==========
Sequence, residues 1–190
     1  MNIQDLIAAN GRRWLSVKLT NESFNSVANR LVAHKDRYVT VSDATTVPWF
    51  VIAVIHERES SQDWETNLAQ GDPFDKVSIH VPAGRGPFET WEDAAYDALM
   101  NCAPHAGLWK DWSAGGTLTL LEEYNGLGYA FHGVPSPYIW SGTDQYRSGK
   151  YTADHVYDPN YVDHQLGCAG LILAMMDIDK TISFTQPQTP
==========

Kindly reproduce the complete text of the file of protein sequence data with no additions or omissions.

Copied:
Sequence, residues 1–190
     1  MNIQDLIAAN GRRWLSVKLT NESFNSVANR LVAHKDRYVT VSDATTVPWF
    51  VIAVIHERES SQDWETNLAQ GDPFDKVSIH VPAGRGPFET WEDAAYDALM
   101  NCAPHAGLWK DWSAGGTLTL LEEYNGLGYA FHGVPSPYIW SGTDQYRSGK
   151  YTADHVYDPN YVDHQLGCAG LILAMMDIDK TISFTQPQTP